Mike Schade and Mike Belliveau
Published 5 years ago.
About a 11 minute read.
Brands should take note of a new retail sustainability trend that responds to growing consumer demand for healthier products and full ingredient disclosure.
Major retailers are increasingly adopting policies that restrict the use of
hazardous chemicals in the products and packaging they buy and sell, as well as
across their global supply chains. This trend unleashes new opportunities for
innovation and business development for suppliers of reformulated products and
packaging that rely on more sustainable chemistry and materials.
Scientific evidence implicates products and packaging as a daily source of human
exposure to toxic chemicals linked to chronic disease, disability and early
death. Yet, the federal government is rolling back
regulation of those products
and putting chemical industry staff in charge of government programs that are
supposed to protect our families from chemical hazards.
It’s incumbent on major retailers to step up and fill this major regulatory void
to protect consumers and meet the rising consumer demand for safe and healthy
products. Retailers have the power and moral responsibility to eliminate and
safely replace toxic chemicals to “mind the store.”
And there is a strong business case to act. Retailers that are not meaningfully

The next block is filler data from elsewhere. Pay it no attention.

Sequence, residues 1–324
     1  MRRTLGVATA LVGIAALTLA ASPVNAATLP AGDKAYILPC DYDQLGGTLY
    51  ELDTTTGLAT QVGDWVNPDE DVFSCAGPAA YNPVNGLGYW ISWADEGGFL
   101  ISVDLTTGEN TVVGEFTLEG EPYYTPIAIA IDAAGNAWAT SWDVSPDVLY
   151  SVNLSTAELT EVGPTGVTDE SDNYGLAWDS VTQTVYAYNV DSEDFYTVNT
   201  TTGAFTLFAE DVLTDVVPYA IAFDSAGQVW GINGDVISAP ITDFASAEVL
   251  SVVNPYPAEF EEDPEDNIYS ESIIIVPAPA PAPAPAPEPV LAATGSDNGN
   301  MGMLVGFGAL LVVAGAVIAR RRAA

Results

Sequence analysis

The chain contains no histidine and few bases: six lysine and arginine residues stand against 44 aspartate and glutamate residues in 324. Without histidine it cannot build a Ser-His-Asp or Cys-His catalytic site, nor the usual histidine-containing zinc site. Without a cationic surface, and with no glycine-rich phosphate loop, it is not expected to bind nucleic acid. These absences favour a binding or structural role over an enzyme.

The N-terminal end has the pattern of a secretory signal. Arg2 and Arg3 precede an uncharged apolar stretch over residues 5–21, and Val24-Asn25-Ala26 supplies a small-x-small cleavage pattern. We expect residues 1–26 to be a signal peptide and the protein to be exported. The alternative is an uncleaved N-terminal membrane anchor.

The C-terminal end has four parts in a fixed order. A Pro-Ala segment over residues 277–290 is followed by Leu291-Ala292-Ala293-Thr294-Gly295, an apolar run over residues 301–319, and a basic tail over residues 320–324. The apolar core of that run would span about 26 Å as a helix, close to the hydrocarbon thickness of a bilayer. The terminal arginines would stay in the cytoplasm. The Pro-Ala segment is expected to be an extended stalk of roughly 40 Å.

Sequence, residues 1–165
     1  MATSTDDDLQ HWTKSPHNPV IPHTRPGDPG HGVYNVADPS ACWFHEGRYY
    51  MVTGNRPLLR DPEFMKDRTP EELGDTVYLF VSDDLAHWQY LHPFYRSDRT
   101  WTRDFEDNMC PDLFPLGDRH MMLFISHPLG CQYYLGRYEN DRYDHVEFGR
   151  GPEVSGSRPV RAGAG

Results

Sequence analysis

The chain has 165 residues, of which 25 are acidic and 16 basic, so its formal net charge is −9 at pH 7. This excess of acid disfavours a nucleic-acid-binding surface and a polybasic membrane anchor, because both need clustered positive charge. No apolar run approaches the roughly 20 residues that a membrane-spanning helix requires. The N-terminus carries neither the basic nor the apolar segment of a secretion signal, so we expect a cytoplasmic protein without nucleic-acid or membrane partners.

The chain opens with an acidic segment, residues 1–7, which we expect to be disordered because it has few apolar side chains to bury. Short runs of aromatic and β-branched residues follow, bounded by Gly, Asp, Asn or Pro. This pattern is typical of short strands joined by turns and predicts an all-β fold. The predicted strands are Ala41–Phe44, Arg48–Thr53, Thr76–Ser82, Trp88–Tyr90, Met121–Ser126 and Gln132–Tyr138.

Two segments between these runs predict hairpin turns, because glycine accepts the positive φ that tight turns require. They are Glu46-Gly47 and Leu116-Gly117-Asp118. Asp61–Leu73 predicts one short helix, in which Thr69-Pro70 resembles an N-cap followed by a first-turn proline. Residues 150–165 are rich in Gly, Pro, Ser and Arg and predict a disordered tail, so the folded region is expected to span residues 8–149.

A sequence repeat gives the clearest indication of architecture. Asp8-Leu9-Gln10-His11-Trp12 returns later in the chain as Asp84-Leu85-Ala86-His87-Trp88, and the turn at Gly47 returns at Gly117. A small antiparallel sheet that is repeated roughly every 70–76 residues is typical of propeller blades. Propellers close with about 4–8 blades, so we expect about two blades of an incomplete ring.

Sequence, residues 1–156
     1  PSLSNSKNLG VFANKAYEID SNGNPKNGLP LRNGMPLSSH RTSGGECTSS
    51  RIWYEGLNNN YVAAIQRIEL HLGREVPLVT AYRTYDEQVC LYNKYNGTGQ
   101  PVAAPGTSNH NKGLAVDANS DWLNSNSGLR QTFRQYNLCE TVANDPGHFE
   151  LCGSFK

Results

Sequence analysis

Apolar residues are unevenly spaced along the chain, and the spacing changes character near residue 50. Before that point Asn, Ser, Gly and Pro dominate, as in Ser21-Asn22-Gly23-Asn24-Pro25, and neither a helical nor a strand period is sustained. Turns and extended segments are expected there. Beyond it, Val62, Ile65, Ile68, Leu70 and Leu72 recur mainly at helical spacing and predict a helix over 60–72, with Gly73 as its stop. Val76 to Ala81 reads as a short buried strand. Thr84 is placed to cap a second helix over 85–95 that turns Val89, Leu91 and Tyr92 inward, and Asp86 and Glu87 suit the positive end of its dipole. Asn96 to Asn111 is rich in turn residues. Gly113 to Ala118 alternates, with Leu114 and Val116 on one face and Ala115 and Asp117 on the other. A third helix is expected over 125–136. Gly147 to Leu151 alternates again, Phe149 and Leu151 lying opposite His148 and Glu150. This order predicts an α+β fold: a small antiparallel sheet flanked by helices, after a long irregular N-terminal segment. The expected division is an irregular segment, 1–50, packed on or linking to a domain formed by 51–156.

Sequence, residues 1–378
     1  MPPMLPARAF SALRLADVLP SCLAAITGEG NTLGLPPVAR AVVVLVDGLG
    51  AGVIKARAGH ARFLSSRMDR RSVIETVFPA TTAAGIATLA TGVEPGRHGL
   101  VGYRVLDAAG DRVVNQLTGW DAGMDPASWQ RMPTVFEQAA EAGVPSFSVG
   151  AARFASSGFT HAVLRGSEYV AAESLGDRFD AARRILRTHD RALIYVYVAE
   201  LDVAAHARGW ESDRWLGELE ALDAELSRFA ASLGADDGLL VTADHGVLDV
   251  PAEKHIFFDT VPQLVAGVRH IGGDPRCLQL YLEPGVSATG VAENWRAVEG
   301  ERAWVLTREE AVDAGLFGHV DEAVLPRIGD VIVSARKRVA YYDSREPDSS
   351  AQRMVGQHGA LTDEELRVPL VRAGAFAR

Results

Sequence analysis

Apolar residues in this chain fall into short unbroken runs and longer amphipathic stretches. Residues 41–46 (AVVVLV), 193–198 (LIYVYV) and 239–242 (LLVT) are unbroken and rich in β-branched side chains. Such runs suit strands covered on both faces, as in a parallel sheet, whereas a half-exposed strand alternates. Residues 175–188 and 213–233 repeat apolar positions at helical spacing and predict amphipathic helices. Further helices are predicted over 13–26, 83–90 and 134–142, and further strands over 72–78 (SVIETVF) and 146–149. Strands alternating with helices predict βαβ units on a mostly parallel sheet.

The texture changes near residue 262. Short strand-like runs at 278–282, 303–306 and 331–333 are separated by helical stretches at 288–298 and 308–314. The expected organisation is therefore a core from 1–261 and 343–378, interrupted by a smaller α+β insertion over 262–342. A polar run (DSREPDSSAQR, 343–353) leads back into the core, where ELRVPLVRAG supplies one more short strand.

managing hazardous chemicals in their supply chains face major reputational,
legal, financial and regulatory risks that can be costly to their bottom line.
Brands that don’t respond to retailer calls for safer chemistry may lose market
share to competitors that do.
Over the past few years, our campaign’s report Who’s Minding the Store? — A
Report Card on Retailer Actions to Eliminate Toxic
Chemicals has set out to
evaluate the progress that has been made and challenges that remain in the
retail marketplace to address toxic chemicals. In November, we published our
third annual report card evaluating the safer chemicals programs of forty of
North America’s largest retailers, from major home improvement stores to grocery
chains and big box stores.
We benchmark retailers on 14 key
criteria that are
essential elements of a safer chemicals sustainability program, from whether a
company has a robust safer chemicals policy to whether a retailer publicly
reports quantifiable reductions and the elimination of harmful chemicals in
their products, packaging or manufacturing. On our website, you can download
the full criteria,
which provide an important framework for best in class approaches for safer
It should be on the reading list for every retail sustainability professional.
Retailers are certainly paying attention. Over the past few months, three major
retailers — Amazon, Walgreens and Rite Aid — announced safer
chemicals policies for the first time ever. It’s no coincidence that these
policy announcements came just one month before the release of our 2018
retailer report card.
By publicly benchmarking businesses, we are driving a race to the
top in retail to
transform the marketplace to healthier toxic-free products and packaging. For
example, the eleven retailers that we scored in the first report card in 2016
have improved their average grade from a D+ to a C+ since then. Another eighteen
retailers first graded in 2017 bumped up their grade from D to a D+ over the